The official government mouthpieces report the mounting death toll of the coronavirus epidemic in old people’s homes with the plain ordinariness of cheap vanilla. We are told the dead were in their 70s, 80s or 90s suggesting that their lease was about to expire in any case. And a medical convenience has been coined reporting that people do not die of covid-19 as such, but die, of some other unspecified reason, having incidentally and immaterially tested positive for covid-19. The virus apparently infected their bodies just before their deaths like a herd of depressed elephants in a valley of bones.

It’s all quite callous really. The statistics of the dead ignores the fear of the living. The elderly in residences are now in effective solitary confinement living out their last days in expectation of nothing but their end. When they hear the news of yet another death from covid, it is the callousness with which the news is given that must surely hurt most. It sounds like this community has given up on them. They have become expendable, reasonable sacrifices to the hungry god of death. They’re pushed in front of the rest of us to get it first because they’ve had their time anyway.

I don’t know that I have different solutions for people virtually imprisoned in their rooms, alone, waiting for sickness and death to take them. They lived their last decades fighting their “underlying conditions” because life was ever deemed priceless. Their morbidities were not something to be allowed to wash over them. Fatalism and acceptance of death was not the way. Until now. Now their “underlying conditions” are brought up in the news to soothe our conscience for not caring.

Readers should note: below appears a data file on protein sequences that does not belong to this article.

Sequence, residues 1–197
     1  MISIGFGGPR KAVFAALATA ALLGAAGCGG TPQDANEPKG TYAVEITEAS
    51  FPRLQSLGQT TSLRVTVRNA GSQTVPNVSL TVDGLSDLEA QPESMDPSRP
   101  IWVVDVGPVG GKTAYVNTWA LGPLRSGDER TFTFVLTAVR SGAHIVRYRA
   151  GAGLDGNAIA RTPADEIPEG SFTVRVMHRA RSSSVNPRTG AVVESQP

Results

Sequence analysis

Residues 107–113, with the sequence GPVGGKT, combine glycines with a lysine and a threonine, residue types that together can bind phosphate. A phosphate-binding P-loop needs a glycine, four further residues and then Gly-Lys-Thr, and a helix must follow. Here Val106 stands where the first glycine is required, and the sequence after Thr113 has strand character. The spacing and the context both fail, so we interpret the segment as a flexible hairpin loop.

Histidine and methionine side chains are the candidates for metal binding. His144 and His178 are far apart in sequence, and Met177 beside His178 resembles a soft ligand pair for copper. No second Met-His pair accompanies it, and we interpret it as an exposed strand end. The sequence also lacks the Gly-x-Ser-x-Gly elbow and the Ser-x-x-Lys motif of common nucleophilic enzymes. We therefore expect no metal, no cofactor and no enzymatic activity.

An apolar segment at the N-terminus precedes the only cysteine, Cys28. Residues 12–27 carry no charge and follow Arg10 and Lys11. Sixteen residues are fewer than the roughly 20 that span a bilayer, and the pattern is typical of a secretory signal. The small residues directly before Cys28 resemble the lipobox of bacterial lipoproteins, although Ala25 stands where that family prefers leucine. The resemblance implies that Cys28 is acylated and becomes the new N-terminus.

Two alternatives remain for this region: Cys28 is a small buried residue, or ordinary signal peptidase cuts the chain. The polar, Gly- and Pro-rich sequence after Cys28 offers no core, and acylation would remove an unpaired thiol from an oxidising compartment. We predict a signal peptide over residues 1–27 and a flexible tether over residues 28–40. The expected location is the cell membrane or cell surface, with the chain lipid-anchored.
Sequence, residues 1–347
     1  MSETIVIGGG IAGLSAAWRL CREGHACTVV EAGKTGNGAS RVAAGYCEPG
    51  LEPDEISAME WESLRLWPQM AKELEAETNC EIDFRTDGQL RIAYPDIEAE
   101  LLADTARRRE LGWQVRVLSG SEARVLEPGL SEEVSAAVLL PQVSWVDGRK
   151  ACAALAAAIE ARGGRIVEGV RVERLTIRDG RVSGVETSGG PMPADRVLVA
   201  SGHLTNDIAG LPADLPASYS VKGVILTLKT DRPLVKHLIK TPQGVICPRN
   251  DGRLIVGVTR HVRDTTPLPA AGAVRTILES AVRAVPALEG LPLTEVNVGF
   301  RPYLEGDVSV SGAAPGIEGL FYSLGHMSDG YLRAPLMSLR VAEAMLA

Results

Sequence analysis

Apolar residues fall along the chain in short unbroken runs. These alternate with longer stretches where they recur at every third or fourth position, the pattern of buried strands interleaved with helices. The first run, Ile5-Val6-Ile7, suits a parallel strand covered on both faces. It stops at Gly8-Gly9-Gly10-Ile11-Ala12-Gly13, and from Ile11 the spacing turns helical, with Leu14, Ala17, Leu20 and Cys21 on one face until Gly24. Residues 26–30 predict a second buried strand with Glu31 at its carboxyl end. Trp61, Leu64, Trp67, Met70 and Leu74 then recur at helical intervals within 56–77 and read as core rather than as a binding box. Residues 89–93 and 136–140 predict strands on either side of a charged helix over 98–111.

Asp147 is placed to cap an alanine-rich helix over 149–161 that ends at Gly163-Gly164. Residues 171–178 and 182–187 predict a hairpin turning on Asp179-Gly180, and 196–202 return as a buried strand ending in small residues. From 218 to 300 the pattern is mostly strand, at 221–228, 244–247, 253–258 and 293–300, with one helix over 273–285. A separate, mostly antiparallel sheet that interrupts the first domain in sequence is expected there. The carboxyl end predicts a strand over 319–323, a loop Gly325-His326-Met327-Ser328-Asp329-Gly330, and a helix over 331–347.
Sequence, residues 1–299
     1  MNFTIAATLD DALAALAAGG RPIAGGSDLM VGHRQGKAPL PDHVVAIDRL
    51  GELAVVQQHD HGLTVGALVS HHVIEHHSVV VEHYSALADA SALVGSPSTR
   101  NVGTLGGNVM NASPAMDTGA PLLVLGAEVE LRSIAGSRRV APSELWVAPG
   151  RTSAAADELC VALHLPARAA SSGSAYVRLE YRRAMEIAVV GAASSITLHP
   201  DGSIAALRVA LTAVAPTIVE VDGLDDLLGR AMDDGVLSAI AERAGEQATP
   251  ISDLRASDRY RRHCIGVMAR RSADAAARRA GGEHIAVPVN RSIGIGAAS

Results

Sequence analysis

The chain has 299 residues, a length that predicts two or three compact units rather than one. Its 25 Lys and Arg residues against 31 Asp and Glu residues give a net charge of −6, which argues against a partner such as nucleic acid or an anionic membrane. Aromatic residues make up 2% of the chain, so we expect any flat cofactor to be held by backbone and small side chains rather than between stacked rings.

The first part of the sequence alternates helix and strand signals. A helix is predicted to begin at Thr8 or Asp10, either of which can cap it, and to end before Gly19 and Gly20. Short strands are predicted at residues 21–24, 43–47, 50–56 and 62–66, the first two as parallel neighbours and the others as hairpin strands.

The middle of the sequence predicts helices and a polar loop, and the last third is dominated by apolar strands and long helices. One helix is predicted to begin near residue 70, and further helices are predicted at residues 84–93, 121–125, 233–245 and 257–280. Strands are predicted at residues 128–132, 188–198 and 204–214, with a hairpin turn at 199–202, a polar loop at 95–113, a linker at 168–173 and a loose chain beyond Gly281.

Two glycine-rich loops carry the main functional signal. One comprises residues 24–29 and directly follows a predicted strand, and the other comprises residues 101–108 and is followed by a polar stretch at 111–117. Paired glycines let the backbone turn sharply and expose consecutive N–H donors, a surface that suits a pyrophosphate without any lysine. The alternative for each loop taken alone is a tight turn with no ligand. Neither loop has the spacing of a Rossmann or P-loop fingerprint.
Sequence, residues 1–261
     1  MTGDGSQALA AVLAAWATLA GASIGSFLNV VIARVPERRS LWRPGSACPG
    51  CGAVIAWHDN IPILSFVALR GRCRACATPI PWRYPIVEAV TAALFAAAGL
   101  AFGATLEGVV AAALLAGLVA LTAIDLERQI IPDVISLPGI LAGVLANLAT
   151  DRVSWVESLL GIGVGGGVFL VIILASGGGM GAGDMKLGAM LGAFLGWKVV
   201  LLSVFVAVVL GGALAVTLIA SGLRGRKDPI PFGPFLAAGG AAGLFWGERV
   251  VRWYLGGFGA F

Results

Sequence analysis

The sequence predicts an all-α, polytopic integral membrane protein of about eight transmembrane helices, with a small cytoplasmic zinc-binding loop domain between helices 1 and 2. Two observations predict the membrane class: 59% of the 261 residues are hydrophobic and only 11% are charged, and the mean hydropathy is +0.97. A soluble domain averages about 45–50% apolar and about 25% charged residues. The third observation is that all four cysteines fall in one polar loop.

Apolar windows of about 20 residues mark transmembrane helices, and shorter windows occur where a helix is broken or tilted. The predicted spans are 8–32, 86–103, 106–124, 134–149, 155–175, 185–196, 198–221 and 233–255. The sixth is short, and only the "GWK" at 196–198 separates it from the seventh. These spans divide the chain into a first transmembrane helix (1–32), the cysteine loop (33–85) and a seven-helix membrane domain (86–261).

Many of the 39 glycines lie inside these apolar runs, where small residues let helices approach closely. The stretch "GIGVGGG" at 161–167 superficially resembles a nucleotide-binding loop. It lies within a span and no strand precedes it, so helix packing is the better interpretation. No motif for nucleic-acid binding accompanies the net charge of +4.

A society that forgets the generations who grew up in hardship inside their lonely rooms, that does not mourn its heavy losses to a disease that spreads precisely because the elderly are ghettoised and concentrated in waiting areas for their demise, is a society that has lost its ability to feel gratitude and to act kindly with the suffering. We have lost our ability to empathise, to suffer together, to find the kind words that people need when left alone, waiting, for nothing but the end of waiting and the end of all.

Twenty-two people have now died before their time because of Covid-19. Not that he’s worrying too much about it.